Spring 2017

Core inspection expertise

James Fisher Nuclear has won the contract to manufacture highly specialised inspection tools for EDF Energy's fleet of nuclear reactors.

Since 2012 EDF Energy (EDF) has been using special ‘eddy current inspection tools’ which were specially developed by James Fisher Nuclear (JFN) to help assess the health of the graphite blocks that make up the reactor core of many of its nuclear energy sites.

It is vital to regularly monitor the graphite that is critical to the safe generation of electricity and so ensure the continued safe operation of EDF’s nuclear reactors. But an increasing desire to extend the safe life of existing nuclear plants has stimulated the need for ever more advanced inspection technology.

The multinational electricity generator has been working closely with JFN in recent years to ensure the inspection technology is as sophisticated as possible. When EDF was given a ten-year extension on Dungeness B it asked JFN to upgrade its inspection system and ensure it was fully compatible with the specifics of the Dungeness B reactors.

The teams worked in collaboration with Serco (now AMEC), Bloodworth Consultancy and Manchester University to design a new highly sophisticated evolution, called ECIT. The system is undergoing final tests, and JFN has been given the go-ahead to manufacture three ECIT core inspection units at its modern engineering facility in Malton, Yorkshire, with a view to delivering the final tools and all their equipment by the middle of 2019.

The new system has been further developed to be robust and adaptable enough to provide reliable and accurate data in the hostile and highly radioactive environment of the reactor cores of EDF’s fleet of operating advance gas cooled (AGR) nuclear power stations. The data from each inspection is relayed to operators on the charge face – on top of the nuclear reactor - to enable rapid assessment of the condition of the core by the EDF Energy inspection team.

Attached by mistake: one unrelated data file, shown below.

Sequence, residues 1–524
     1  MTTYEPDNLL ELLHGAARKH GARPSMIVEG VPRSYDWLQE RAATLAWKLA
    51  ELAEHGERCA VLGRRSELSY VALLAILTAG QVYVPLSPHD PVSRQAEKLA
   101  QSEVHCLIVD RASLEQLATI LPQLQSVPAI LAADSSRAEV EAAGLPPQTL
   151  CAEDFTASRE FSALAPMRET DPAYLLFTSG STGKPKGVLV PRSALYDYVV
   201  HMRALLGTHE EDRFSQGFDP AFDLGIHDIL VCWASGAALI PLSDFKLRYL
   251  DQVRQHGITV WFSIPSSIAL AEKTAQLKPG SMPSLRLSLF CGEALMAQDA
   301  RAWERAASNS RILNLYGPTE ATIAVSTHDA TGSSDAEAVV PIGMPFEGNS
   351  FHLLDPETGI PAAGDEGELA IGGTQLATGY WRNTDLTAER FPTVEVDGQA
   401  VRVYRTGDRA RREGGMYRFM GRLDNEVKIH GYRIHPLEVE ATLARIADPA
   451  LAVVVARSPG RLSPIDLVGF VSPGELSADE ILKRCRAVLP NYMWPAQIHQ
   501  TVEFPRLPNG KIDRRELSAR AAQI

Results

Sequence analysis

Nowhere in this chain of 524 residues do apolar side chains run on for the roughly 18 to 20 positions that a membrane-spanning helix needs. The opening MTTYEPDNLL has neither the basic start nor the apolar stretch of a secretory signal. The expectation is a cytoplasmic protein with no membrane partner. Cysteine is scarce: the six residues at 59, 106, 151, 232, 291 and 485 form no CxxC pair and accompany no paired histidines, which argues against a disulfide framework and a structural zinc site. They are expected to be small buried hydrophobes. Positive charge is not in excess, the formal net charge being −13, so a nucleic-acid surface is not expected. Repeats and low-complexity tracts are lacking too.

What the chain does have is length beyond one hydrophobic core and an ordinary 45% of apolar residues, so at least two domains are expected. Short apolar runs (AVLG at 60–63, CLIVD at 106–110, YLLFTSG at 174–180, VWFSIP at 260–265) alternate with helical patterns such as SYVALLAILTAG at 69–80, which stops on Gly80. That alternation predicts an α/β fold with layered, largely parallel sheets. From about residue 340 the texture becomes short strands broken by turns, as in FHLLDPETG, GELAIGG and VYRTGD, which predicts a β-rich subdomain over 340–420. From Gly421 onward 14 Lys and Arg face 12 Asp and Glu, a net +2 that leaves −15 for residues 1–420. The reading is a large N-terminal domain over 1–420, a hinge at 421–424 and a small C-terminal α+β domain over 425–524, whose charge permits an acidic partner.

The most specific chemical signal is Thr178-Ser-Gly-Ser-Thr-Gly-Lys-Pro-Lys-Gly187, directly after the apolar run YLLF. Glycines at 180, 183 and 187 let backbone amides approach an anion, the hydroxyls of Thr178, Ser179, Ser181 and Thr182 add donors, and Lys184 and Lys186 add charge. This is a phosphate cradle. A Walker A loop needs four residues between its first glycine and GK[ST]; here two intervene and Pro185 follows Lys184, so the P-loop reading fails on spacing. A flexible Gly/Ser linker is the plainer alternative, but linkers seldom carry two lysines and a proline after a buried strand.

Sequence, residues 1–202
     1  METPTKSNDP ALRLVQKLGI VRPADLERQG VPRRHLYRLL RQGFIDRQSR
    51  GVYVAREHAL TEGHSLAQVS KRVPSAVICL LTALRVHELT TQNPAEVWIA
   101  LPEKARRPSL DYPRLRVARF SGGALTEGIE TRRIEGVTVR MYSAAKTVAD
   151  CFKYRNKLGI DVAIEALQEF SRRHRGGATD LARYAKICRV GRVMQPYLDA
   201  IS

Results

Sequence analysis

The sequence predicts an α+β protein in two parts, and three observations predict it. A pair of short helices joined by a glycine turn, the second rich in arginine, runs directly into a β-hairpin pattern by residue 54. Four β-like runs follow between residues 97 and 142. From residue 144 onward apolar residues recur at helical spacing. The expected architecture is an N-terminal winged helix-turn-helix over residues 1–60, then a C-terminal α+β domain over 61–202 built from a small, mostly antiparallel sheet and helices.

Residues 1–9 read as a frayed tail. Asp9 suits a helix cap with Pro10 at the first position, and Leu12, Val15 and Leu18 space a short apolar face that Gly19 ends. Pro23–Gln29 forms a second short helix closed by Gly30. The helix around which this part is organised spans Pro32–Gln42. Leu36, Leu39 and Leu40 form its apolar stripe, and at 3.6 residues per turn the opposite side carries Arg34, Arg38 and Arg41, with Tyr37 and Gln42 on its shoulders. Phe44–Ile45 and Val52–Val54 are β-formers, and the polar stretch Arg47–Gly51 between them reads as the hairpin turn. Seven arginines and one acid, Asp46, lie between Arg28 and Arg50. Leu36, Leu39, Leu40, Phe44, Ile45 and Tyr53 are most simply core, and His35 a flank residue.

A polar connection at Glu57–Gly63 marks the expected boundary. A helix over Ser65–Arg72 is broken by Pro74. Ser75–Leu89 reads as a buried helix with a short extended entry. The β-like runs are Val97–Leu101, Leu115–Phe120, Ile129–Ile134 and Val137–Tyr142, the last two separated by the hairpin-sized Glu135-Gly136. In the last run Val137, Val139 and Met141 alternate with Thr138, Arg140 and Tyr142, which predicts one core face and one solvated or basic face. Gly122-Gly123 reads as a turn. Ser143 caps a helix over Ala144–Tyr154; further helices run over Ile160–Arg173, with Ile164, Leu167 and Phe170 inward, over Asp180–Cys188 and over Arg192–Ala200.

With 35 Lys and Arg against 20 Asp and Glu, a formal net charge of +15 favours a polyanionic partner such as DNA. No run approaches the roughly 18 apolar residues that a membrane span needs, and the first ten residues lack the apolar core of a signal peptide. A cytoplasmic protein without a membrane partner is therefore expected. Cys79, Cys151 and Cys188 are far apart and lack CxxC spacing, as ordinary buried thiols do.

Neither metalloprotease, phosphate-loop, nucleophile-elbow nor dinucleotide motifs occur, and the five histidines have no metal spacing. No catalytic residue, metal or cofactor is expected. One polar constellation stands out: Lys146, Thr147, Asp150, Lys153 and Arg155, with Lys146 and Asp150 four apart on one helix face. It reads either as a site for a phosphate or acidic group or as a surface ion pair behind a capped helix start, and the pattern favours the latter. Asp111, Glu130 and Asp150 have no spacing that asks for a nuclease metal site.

The EDF commission is for three tools, each of which having a control console, a calibration unit and a storage unit to allow safe handling and transportation of the tool once it’s been in the core.

‘The recent product development has combined all the good design of our previous system along with operational experience from the field to significantly improve it,’

Explains project lead for JFN, Sarah Town.

‘We were asked to modify the tool specifically for use in Dungeness B nuclear power station, which has much tighter size restrictions, and this added to the engineering challenge,’

Sarah adds.

The increased understanding of changes to the status of these cores will enable energy companies to improve the assessment of station lifetimes to help keep costs down and reduce downtime. EDF Energy owns and operates 15 nuclear plants at eight nuclear power stations in the UK. These stations have an approximate combined capacity of just under 8.8 million kilowatts (kW): a significant proportion of the UK's total installed electricity generation capacity.

How it works:

ECIT works by applying an electromagnetic field to the graphite bricks which make up the reactor core. Because graphite is electrically conductive, eddy currents are induced in the material. This electrical conductivity can be measured to give an indication of graphite density and stability. The eddy current generates data and highlights heat spots and any weaknesses or changes in density or cracks in the graphite which could have a significant impact on the reactor.

The ECIT control console has been improved, making it more ergonomic and easier to work with as well as to clean and decontaminate. This will make ECIT safe to handle and transport once it’s been in the core.

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